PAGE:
Trade Minister Andrew Robb Australian investors and service exporters could start seeing benefits from a free trade deal with India from next year.
Australia is on track to secure a free trade deal with India by the end of 2015, Trade Minister Andrew Robb says.
Mr Robb is on his way back to Australia after a five-day mission to India, in which he spoke to key government members and investors.
It was the minister's fifth visit to India in the past 12 months to advance talks on the Comprehensive Economic Cooperation Agreement (CECA).
Mr Robb said Australian businesses could start seeing the benefits of the agreement in late 2016.
"There's still a lot of work to be done," he told AAP from Chennai on Thursday.
"But we've got a timetable which, all things being equal, can lead us to a conclusion by the end of the year."
While Prime Minister Narendra Modi was unavailable because of talks with a visiting African delegation, Mr Robb had five ministerial meetings, including with the finance and commerce ministers involved in the agreement negotiations.
"It's building up a sense of momentum," he said.
India is Australia's 12th largest trading partner - two-way trade is worth about $15 billion and it is the nation's seventh largest export market.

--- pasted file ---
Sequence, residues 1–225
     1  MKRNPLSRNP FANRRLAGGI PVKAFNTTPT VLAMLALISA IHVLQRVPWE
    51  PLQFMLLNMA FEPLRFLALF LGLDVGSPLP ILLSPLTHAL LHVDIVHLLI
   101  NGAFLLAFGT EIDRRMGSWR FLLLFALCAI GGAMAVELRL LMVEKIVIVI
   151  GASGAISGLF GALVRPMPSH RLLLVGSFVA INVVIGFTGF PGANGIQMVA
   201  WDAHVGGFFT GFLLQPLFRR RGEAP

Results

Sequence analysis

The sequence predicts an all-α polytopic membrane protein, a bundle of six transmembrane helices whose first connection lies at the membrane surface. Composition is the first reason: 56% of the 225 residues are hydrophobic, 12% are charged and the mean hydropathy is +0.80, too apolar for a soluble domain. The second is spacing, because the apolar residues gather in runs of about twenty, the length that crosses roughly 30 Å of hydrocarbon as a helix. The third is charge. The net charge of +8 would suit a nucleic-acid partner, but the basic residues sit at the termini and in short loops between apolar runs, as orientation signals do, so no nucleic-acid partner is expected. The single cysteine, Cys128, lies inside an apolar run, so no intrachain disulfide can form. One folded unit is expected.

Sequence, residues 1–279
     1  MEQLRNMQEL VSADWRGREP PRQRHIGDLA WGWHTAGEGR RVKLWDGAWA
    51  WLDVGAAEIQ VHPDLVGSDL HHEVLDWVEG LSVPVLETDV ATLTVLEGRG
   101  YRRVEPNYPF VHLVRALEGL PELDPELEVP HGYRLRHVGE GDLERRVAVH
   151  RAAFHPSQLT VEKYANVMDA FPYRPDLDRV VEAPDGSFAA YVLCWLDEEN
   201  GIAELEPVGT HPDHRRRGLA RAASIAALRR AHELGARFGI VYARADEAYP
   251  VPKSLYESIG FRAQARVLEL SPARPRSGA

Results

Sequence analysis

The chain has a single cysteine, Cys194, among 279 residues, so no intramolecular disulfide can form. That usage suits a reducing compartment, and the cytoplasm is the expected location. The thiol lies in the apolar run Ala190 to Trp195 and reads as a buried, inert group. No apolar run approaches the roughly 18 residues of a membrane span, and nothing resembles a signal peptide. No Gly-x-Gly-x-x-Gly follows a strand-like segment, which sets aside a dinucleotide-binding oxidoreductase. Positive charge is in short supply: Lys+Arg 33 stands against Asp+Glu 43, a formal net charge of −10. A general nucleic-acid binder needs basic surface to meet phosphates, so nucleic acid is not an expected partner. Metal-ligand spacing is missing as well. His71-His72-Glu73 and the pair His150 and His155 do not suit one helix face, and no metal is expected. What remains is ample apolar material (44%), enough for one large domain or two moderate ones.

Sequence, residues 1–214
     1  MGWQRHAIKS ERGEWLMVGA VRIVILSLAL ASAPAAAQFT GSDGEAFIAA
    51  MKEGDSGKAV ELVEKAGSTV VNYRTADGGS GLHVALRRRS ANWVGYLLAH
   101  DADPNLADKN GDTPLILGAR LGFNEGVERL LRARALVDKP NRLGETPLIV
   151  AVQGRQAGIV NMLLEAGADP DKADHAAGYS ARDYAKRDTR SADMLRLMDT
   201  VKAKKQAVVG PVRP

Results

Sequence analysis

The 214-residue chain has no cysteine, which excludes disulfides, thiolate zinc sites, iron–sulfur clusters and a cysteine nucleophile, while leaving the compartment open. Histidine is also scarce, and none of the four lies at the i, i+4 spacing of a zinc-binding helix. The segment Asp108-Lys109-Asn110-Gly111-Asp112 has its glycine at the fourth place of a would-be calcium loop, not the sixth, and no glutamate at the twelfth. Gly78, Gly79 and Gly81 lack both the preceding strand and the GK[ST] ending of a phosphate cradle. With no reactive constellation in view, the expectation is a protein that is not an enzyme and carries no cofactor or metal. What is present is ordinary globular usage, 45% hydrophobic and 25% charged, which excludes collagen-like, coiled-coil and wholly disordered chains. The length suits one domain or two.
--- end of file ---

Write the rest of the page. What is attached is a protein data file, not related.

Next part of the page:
Mr Robb said CECA would focus more on investment and services - such as engineering, legal and finance - rather than goods.
"It has a reasonable goods package, but they are still very much a developing country," he said.
"The timelines on opening up goods, especially agriculture, will be quite protracted."
However, he hoped Australian service providers would eventually find it just as easy to set up in Delhi as they would in Sydney or Melbourne.
A big opportunity exists in the Indian government's plan to rejuvenate the network of 450 railway stations, which handle 27 million people a day, through commercial developments such as shopping precincts.
Mr Robb told Indian officials Australia would be on track to have a nuclear cooperation agreement in place by the end of the year, opening the way for the first exports of uranium to fuel new power plants.
A recent parliamentary inquiry found exports to India could double Australia's uranium mining workforce, focused on South Australia and Western Australia, and increase export revenue by an estimated $1.75 billion.
Mr Robb also led a bipartisan delegation to the inaugural Australia India Leadership Dialogue in New Delhi.
In Chennai, Mr Robb promoted Australia's research, technology and innovative industries.